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Visit our interactive ARMEP 2.0 [https://www.armep.gwi.uni-muenchen.de/#home] map interface.

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The LMU Munich-based [http://www.uni-muenchen.de/index.html] and Humboldt Foundation-funded [https://www.humboldt-foundation.de/web/home.html] Ancient Records of Middle Eastern Polities (ARMEP) is the parent project of Official Inscriptions of the Middle East in Antiquity [ http://oracc.museum.upenn.edu/oimea/index.html] (OIMEA) and Archival Texts of the Middle East in Antiquity (ATMEA). At present, ARMEP is an umbrella project that is intended to facilitate quick and easy access to a wide range of open-access editions of ancient Middle Eastern texts. ARMEP is both an Open Richly Annotated Cuneiform Corpus [http://oracc.museum.upenn.edu] (Oracc) project and an interactive map interface [https://www.armep.gwi.uni-muenchen.de/#home].

ARMEP currently contains about 49,500 ancient texts, most of which were written in the Akkadian and Sumerian languages and in cuneiform script. Most of these inscribed composite texts and artifacts were discovered in modern-day Iraq, Syria, and Turkey, while others originate from Egypt, Iran, Lebanon, and Saudi Arabia. Although the texts range in date from ca. 2334 to 64 BC, the majority come from Neo-Assyrian (744-612 BC) and Neo-Babylonian (625-539 BC) times. The dataset is derived from the Open Richly Annotated Cuneiform Corpus (Oracc) and it includes texts from the following projects: Astronomical Diaries Digital (ADsD); Akkadian ARMEP currently contains about 41,300 ancient texts, most of which were written in the Akkadian and Sumerian languages and in cuneiform script. Most of these inscribed composite texts and artifacts were discovered in modern-day Iraq, Syria, and Turkey, while others originate from Egypt, Iran, Lebanon, and Saudi Arabia. Although the texts range in date from ca. 2334 to 64 BC, the majority come from Neo-Assyrian (744-612 BC) and Neo-Babylonian (625-539 BC) times. The dataset is derived from the Open Richly Annotated Cuneiform Corpus (Oracc) and it includes texts from the following projects: Astronomical Diaries Digital (ADsD); Akkadian Love Literature (akklove); Amarna Texts (Amarna); Bilinguals in Late Mesopotamian Scholarship (BLMS); Corpus of Ancient Mesopotamian Scholarship (CAMS); Corpus of Akkadian Shuila-Prayers online (CASPo); Cuneiform Commentaries Project (CCPo); Corpus of Kassite Sumerian Texts (CKST); Digital Corpus of Cuneiform Lexical Texts (DCCLT); Digital Corpus of Cuneiform Mathematical Texts (DCCMT); Electronic Corpus of Urartian Texts (eCUT; LMU Munich); Electronic Idrimi (idrimi); Electronic Text Corpus of Sumerian Royal Inscriptions (ETCSRI); Inscriptions of Suhu online (Suhu; LMU Munich); Old Babylonian Model Contracts (OBMC); Old Babylonian Tabular Accounts (OBTA); Royal Inscriptions of Assyria online (RIAo; LMU Munich); Royal Inscriptions of Babylonia online (RIBo; LMU Munich) Royal Inscriptions of the Neo-Assyrian Period (RINAP; UPenn and LMU Munich);State Archives of Assyria online (SAA; formerly UCL, now LMU Munich); and Text Corpus of Middle Assyrian (TCMA). Non-LMU Munich material was generously contributed by Jacob Jan de Ridder, Eckart Frahm, Shlomo Izre'el, Enrique Jiménez, Jacob Lauinger, Alan Lenzi, Reinhard Pirngruber, Eleanor Robson, Gabriella Spada, Steve Tinney, Niek Veldhuis, Nathan Wasserman, and Gábor Zólyomi. Images used in the detail views are courtesy of the Cuneiform Digital Library Initiative (CDLI). The texts can be accessed via the standard Oracc-based [/armep/pager], catalogue-style pager or via our interactive ARMEP 2.0 [https://www.armep.gwi.uni-muenchen.de/#home] map interface.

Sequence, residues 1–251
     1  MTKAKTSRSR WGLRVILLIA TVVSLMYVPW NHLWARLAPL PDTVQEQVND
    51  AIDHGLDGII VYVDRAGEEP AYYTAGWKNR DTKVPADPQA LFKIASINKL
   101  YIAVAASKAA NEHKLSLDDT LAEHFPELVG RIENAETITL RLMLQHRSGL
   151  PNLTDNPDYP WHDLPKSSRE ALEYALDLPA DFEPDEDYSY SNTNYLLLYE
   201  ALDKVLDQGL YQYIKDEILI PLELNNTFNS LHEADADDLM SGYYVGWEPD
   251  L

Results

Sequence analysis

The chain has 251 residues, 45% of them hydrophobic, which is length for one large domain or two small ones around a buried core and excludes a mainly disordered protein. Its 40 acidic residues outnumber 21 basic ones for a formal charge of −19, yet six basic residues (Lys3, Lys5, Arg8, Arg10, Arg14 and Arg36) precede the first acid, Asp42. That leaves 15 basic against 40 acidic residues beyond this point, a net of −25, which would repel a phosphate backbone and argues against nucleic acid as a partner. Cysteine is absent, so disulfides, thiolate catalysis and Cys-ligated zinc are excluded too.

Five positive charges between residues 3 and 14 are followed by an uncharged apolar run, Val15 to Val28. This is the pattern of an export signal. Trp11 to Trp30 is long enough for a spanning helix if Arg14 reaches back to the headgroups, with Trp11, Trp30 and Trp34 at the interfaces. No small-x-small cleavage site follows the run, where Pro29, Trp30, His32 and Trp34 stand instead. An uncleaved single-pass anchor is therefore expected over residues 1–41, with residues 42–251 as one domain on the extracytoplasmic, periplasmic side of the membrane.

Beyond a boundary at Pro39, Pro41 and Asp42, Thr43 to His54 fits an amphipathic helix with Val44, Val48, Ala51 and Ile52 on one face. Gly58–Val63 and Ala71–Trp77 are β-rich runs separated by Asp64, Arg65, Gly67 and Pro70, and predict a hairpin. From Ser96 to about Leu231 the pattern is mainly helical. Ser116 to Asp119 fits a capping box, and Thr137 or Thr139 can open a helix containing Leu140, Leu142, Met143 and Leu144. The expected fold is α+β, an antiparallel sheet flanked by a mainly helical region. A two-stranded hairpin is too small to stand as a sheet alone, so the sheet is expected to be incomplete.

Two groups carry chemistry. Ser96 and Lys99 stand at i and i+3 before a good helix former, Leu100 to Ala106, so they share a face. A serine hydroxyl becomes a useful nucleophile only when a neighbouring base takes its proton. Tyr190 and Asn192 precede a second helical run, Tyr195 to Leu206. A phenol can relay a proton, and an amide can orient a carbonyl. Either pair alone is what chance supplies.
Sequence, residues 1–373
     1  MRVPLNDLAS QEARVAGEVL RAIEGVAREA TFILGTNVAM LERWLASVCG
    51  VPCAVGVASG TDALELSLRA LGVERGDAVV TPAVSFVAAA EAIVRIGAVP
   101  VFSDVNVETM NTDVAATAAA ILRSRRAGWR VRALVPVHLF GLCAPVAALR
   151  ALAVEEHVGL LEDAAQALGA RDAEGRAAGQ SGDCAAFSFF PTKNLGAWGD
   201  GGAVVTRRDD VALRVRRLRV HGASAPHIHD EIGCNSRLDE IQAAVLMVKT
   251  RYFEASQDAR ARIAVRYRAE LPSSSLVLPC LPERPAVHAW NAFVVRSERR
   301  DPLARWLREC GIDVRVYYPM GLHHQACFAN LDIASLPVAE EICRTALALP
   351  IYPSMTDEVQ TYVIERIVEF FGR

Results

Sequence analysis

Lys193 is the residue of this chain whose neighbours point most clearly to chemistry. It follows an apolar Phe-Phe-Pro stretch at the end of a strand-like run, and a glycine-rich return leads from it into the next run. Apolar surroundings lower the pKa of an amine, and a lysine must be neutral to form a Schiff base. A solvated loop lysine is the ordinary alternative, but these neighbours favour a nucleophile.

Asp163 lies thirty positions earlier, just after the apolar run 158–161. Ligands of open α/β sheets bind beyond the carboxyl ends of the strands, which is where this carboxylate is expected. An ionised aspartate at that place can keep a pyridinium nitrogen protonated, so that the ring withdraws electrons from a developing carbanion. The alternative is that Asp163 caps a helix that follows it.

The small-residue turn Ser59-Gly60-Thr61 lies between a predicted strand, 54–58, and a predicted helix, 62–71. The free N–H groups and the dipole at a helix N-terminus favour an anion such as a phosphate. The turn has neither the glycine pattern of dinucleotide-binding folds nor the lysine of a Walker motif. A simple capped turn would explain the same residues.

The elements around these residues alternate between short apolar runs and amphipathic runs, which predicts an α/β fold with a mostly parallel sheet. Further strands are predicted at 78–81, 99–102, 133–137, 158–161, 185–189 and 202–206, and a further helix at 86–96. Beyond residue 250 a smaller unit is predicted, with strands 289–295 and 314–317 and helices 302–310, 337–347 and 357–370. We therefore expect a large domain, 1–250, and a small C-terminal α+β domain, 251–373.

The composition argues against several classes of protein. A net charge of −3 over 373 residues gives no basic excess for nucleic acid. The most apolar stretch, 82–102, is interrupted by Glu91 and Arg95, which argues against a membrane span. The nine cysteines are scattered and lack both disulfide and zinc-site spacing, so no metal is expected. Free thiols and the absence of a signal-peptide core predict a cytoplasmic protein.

Moreover, ARMEP is also a powerful multi-project search engine that enables anyone to simultaneously search the translations, transliterations, and catalogue metadata of more than 49,500 ancient texts. As an informational and search hub, as well as interactive map interface, ARMEP strives to make a vast and varied corpus of ancient records easily and freely accessible to every scholar, student, and member of the general public.

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Visit our interactive ARMEP 2.0 [https://www.armep.gwi.uni-muenchen.de/#home] map interface.

 
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© ARMEP, 2016. ARMEP is based at the Ludwig-Maximilians-Universität München, Historisches Seminar (LMU Munich, History Department) - Alexander von Humboldt Chair for Ancient History of the Near and Middle East. Content released under a CC BY-SA 3.0 [http://creativecommons.org/licenses/by-sa/3.0/] license, 2007-14.
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